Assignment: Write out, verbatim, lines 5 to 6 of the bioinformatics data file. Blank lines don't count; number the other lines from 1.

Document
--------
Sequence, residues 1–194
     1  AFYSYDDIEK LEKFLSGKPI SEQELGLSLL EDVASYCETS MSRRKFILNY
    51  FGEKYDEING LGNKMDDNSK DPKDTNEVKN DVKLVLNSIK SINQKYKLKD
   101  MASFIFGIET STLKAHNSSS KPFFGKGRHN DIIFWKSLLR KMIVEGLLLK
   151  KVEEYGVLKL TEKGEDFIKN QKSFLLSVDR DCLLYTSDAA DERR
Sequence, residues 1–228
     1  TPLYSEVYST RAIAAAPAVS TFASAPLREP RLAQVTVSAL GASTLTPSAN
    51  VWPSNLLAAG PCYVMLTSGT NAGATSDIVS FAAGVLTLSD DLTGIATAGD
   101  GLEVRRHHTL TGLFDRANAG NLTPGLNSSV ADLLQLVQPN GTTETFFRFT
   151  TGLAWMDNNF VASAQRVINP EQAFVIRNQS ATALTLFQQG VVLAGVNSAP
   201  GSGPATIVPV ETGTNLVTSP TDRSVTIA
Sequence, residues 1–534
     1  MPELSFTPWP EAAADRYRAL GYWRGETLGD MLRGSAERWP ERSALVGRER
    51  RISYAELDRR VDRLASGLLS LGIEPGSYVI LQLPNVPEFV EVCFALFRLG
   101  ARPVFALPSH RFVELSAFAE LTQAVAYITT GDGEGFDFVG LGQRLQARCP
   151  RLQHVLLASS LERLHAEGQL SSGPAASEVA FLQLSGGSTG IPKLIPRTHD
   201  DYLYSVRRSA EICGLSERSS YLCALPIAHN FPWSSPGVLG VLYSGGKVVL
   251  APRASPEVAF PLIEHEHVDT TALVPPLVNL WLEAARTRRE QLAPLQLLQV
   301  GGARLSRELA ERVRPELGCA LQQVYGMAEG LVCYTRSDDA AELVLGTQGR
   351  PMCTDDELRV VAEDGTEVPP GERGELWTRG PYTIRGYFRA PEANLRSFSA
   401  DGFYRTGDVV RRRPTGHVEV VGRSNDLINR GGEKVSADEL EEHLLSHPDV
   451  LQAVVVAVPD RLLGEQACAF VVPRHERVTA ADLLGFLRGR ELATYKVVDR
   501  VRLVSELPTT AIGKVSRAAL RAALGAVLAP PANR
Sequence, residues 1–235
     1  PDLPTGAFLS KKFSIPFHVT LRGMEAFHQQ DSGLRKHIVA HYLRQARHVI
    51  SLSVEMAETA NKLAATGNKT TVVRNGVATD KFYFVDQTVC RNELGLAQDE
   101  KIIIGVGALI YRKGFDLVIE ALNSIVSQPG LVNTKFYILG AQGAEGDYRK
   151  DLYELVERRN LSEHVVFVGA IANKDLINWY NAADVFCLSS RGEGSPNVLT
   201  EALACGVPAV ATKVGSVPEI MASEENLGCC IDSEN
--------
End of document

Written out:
   151  KVEEYGVLKL TEKGEDFIKN QKSFLLSVDR DCLLYTSDAA DERR
Sequence, residues 1–228